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Climate change risks becoming the forgotten threat of the Trump era

The US president's multiple defects will distract from the greatest danger of all. 

The US has elected as its next president an intemperate narcissist, who reveres Vladimir Putin and has a history of racism and misogyny. All of this has been widely noted in recent days. But less has been said about Donald Trump's views on climate change. The president-elect, with impressive originality, regards global warming as a Chinese hoax. "[It] was created by and for the Chinese in order to make US manufacturing non-competitive," he declared in 2012. Consequently, he has vowed to withdraw America from the recently-signed Paris Agreement and to end funding for UN programmes.

Though climate change represents the greatest threat to the planet, the reaction to Trump's victory has confirmed that many now regard it as a second-order issue. It is human nature to focus on more immediate and visible dangers. An exception has been provided by shadow business secretary Clive Lewis. In his speech today at the Royal Society of Chemistry, Lewis (who I recently interviewed), warned that Trump's victory "could mean 'game over' for our planet." He was echoing the words of climate researcher Michael Mann, who said the result "might make it impossible to stabilise planetary warming below dangerous levels."

The US is theoretically prevented from leaving the Paris Agreement for four years, though Trump is exploring escape routes. His election alone, however, will have deleterious consequences for the environment. It will embolden climate change deniers in the US elsewhere and disincentivise efforts to deliver emissions reductions.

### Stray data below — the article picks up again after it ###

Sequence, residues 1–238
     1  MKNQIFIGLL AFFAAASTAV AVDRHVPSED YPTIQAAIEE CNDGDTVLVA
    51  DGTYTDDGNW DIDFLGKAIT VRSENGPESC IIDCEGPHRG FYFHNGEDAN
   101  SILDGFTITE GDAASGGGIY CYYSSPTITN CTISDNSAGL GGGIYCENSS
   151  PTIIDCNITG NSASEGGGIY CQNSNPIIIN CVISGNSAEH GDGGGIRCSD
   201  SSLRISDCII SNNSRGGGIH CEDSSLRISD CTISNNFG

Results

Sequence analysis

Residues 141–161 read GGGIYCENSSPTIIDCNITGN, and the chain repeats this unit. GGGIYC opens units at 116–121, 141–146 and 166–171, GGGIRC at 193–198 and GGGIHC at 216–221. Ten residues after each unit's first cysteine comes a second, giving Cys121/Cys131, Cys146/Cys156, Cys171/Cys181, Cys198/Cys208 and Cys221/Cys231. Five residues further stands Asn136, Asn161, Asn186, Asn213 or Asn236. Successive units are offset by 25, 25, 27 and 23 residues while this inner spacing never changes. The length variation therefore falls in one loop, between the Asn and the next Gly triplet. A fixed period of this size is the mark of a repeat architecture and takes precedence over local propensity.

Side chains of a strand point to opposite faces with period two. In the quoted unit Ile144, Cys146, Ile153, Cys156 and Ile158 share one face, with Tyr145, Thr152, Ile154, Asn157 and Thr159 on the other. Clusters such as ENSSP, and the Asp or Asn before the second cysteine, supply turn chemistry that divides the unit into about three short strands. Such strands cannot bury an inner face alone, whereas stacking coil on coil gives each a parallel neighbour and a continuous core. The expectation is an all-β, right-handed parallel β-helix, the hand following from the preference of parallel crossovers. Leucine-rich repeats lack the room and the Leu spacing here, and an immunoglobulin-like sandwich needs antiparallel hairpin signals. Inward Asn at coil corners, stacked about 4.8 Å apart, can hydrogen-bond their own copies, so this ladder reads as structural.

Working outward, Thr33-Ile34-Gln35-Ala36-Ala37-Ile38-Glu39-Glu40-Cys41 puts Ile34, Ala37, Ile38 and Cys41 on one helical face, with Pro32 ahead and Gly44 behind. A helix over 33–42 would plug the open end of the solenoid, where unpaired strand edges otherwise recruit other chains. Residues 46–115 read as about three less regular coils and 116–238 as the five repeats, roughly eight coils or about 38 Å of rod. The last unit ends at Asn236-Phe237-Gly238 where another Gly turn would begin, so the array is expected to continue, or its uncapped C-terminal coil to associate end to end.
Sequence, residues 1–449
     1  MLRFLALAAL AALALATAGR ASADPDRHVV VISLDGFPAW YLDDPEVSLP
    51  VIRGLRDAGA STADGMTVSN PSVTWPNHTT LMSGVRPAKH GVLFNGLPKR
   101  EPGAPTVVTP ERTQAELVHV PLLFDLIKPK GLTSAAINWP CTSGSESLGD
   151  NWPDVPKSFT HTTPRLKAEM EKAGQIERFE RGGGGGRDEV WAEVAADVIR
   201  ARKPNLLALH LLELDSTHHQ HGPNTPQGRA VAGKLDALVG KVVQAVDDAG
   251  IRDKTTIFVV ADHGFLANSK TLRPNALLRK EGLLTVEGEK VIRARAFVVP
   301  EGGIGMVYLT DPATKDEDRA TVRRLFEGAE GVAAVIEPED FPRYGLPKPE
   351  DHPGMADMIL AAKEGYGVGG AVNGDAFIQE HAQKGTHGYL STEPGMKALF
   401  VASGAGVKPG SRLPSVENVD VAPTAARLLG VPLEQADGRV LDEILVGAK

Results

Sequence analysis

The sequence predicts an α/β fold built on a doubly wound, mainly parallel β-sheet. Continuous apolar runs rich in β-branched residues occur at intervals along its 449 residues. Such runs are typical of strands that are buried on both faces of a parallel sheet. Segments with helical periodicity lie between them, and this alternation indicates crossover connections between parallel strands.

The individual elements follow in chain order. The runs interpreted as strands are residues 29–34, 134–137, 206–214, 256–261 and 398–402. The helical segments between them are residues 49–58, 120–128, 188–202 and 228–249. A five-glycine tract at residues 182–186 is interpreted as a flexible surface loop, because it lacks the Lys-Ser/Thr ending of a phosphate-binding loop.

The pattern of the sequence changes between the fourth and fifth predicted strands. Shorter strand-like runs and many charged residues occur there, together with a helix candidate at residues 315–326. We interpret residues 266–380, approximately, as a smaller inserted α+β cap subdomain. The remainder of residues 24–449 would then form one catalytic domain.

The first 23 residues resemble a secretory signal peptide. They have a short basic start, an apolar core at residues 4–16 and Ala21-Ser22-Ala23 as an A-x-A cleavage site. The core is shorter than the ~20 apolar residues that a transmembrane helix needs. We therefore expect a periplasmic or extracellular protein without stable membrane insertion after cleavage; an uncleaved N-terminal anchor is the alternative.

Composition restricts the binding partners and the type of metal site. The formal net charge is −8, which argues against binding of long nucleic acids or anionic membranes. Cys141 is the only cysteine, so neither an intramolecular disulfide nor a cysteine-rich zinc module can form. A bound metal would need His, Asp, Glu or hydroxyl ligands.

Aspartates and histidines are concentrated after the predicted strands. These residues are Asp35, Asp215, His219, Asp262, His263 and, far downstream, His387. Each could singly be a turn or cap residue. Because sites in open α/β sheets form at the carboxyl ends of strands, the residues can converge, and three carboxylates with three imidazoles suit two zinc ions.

In the UK, which will today ratify the Paris Agreement (making it the 111th country to do so), Conservatives hope to use Trump's election to push Theresa May in a less green direction. The Prime Minister is already regarded with suspicion by environmentalists after abolishing the Department of Energy and Climate Change (folding it into Business) and mentioning the issue just once in her conference speech. "Vote blue, don't go green", some suggest, is now an apposite slogan. The days when David Cameron hugged huskies and embraced the environmental agenda (albeit temporarily) are now a distant memory. 

After Trump's triumph, the quiet threat of climate change (even the term itself sounds benign) risks being further relegated. And unlike foolhardy economic policies, the consequences cannot be easily reversed. There isn't an alternative planet if the experiment goes wrong. 

George Eaton is political editor of the New Statesman.

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Tony Blair won't endorse the Labour leader - Jeremy Corbyn's fans are celebrating

The thrice-elected Prime Minister is no fan of the new Labour leader. 

Labour heavyweights usually support each other - at least in public. But the former Prime Minister Tony Blair couldn't bring himself to do so when asked on Sky News.

He dodged the question of whether the current Labour leader was the best person to lead the country, instead urging voters not to give Theresa May a "blank cheque". 

If this seems shocking, it's worth remembering that Corbyn refused to say whether he would pick "Trotskyism or Blairism" during the Labour leadership campaign. Corbyn was after all behind the Stop the War Coalition, which opposed Blair's decision to join the invasion of Iraq. 

For some Corbyn supporters, it seems that there couldn't be a greater boon than the thrice-elected PM witholding his endorsement in a critical general election. 

Julia Rampen is the digital news editor of the New Statesman (previously editor of The Staggers, The New Statesman's online rolling politics blog). She has also been deputy editor at Mirror Money Online and has worked as a financial journalist for several trade magazines. 

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